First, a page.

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Fruits and Vegetables Abound at the Farmers’ Market!

The summer monsoons are a welcome sign that summer has arrived and to the farmers and ranchers of the SantaRoxanne Garcia Cruz Valley it means water; the source of life.  Rain is a precious commodity here in the southwest and along with the afternoon rains come a bounty of hot weather vegetables.  When shopping at your local farmers market you will see lots of varietals of summer squash; Patty pan, yellow, and Zucchini, beautiful purple, yellow, and green pole beans; Lemon, Armenian, Pickling and Slicing Cucumbers, Sweet Corn and red and green okra.   Perhaps you have waited all winter long for a taste of a plump, juicy tomato, the farmers’ markets are brimming with fresh local tomatoes: red, purple, yellow, cherry and heirloom tomatoes, pungent garlic bulbs and the silky leaves of fresh basil-the trinity of Italian and Mediterranean flavors. This trinity of flavors is notable in the classic margherita pizza, the Caprese salad of sliced tomatoes, sliced mozzarella, a drizzle of olive oil and balsamic vinegar, salt and pepper and torn basil leaves.

The Tucson Farmers’ Market celebrates the trinity of flavors with the Tomato, Basil and Garlic Festival on Saturday, July 18 at the Oro Valley Market and Sunday, July 19 at the Farmers’ Market at St. Philip’s Plaza.
What fruits are available? F-I-G-S! Get them while they last, sweet black mission figs are available for a very short time, so if you see figs at the market, grab them and pat yourself on the back, because locally grown figs are a delight and really hard to come by.  Sadly this year the peaches, cherries and apricots will be scarce, the Wilcox area was affected by a late in the season frost and not many of the fruit trees were able to produce much of a crop. However, we do have sweet juicy melons; Asian, Canary, Cantaloupes, Muskmelons, Honeydews and Watermelons. Melon season begins in July and lasts through the summer. The sun is a melon’s best friend; without extreme seasonal heat the melons would just wither on the vine. You should avoid melons that slosh when shaken or have any soft spots or bruising. Smell is a good determining factor for melons such as cantaloupes and muskmelons, however when choosing honeydew or watermelon a good way is to feel its skin.  It shouldn’t feel slick and no brown spots on its surface, don’t mistake the dark brown sap on the stem this is just the sweet natural sugars eeking out.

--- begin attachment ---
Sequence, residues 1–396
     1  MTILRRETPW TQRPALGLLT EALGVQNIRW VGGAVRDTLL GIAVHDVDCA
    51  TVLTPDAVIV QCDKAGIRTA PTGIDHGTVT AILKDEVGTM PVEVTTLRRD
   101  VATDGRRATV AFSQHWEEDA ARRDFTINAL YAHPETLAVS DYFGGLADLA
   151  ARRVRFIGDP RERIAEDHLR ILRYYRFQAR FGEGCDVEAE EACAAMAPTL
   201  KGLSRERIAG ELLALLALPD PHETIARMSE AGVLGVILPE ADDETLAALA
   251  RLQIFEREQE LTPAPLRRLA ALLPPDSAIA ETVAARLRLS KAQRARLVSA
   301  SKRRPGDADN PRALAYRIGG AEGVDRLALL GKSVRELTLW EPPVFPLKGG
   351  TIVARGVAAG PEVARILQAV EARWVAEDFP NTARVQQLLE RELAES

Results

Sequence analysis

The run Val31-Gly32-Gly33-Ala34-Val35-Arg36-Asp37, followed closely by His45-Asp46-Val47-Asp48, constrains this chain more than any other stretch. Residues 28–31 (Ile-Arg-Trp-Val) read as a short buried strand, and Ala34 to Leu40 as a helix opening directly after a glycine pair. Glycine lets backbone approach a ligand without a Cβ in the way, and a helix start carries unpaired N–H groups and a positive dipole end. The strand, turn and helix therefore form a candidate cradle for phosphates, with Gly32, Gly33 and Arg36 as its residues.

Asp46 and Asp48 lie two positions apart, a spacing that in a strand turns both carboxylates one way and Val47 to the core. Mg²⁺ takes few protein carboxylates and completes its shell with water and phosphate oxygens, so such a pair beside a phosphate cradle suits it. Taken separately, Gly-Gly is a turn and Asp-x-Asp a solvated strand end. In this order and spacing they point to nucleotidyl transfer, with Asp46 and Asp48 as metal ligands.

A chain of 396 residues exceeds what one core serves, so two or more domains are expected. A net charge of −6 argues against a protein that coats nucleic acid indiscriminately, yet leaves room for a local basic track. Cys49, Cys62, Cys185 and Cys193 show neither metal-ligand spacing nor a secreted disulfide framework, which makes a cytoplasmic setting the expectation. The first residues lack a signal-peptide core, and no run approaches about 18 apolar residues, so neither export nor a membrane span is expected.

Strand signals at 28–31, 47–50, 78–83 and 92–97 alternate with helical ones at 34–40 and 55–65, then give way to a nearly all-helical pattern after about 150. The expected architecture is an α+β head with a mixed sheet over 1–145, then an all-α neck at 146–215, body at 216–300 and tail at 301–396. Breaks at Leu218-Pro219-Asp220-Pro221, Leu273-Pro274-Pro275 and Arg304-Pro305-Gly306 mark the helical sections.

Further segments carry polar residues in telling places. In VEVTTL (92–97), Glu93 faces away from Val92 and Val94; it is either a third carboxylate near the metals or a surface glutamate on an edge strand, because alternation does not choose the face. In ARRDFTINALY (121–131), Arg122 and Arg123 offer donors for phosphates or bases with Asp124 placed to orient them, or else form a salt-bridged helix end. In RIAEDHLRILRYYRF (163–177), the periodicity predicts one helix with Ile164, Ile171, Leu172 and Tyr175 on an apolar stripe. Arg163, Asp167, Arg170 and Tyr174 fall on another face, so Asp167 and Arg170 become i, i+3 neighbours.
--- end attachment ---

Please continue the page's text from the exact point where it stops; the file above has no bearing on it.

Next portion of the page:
Temperatures in the 100’s, thunderstorm build-up, rain and the abundance of fresh fruits and vegetables…summer has arrived!

Details of the market and a list of the close to 60 vendors can be found at www.farmersmarkettucson.com. The St. Philip's Farmer's Market market is open every Sunday year round and located in St. Philip's Plaza at the south east corner of River and Campbell. There is plenty of parking and the market is also accessible from the River Walk. There is a seasonal variation in hours.  The Oro Valley Farmer's Market is open every Saturday and located at 11000 N. La Canada.  Check the website for the summer hours!  Roxanne Garcia manages both markets so while there stop by and say hello to her.  She will be happy to fill you in on the latest.



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